About 3 years ago, I posted a blog post arguing that the poor don't work due to economic rationality. This was just me playing around with the data and trying to see what I could come up with.

My conclusion back then: by graphing consumption vs income, it turns out that whether you earn $0 or $20k, your consumption is more or less the same. If utility is a monotonic function of consumption, then this means that people who's labor income will lie between $0 and $20k will have no incentive to work. The data I had is hardly perfect - it's just broad aggregates. I don't know where to get a data set which excludes students, the disabled, etc.

Anyway, I forgot about that blog post. It went semi-viral today, so I decided to revisit the topic. Turns out that about a year after I posted it, the CBO issued a report more or less agreeing with it. They compare disposable income to income (rather than consumption to income), but the idea is similar.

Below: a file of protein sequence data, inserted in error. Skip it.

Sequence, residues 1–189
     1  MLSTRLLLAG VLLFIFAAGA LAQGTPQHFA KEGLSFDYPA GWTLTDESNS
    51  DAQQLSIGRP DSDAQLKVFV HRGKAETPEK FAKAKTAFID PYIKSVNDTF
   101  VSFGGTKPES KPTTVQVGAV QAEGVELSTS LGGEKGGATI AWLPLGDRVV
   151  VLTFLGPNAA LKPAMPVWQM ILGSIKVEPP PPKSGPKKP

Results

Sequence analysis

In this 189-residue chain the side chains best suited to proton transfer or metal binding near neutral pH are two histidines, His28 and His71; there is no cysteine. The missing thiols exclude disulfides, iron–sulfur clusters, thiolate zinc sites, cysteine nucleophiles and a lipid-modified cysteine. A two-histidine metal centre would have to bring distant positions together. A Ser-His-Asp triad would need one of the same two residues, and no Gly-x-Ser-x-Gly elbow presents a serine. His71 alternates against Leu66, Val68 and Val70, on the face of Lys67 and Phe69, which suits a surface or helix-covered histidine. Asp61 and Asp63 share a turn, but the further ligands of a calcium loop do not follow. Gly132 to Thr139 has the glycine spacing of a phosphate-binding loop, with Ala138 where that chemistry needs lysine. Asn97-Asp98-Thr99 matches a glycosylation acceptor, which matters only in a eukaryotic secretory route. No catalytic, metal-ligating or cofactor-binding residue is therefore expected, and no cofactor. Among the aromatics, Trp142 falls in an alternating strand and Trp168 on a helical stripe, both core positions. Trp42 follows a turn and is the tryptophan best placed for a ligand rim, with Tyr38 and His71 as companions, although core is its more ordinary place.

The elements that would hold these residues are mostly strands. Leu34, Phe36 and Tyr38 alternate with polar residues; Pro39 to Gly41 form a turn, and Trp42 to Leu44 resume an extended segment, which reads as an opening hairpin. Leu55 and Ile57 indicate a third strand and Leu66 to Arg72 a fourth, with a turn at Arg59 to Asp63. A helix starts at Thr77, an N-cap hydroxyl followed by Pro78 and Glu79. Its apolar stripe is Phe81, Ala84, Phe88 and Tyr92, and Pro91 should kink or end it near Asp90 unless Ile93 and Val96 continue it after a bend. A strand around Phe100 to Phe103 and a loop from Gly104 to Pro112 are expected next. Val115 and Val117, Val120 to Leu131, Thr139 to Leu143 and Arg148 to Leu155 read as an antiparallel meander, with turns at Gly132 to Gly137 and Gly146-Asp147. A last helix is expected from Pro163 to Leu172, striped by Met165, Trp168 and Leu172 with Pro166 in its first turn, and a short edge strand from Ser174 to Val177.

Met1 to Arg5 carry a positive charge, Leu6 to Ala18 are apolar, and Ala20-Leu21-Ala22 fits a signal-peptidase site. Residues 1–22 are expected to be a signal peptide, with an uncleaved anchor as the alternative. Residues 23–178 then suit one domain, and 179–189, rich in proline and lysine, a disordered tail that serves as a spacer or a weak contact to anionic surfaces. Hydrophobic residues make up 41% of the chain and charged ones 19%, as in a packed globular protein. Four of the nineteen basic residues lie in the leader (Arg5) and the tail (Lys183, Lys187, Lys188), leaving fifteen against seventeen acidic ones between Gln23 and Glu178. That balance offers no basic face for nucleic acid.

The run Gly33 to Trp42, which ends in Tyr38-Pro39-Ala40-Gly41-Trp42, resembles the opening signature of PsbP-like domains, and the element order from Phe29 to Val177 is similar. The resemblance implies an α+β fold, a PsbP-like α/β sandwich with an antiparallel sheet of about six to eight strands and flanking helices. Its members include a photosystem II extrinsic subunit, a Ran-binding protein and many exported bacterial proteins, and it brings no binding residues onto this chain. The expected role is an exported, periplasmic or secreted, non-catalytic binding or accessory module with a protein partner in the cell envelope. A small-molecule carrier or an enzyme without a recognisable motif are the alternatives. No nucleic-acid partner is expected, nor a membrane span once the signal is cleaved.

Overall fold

CBO graph of disposable income vs income

Turns out that my rough guesstimates were in the right ballpark. Here is John Cochrane blogging about it. More shockingly, the graphs he shows include cliffs - there are places where earning $1 more can cause you to lose hundreds of dollars in disposable income.

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